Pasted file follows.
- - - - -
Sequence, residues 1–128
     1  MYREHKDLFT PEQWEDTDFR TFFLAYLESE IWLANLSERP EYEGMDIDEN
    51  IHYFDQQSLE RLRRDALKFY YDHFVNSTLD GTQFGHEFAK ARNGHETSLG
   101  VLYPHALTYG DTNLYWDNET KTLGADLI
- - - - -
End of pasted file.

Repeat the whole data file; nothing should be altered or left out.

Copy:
Sequence, residues 1–128
     1  MYREHKDLFT PEQWEDTDFR TFFLAYLESE IWLANLSERP EYEGMDIDEN
    51  IHYFDQQSLE RLRRDALKFY YDHFVNSTLD GTQFGHEFAK ARNGHETSLG
   101  VLYPHALTYG DTNLYWDNET KTLGADLI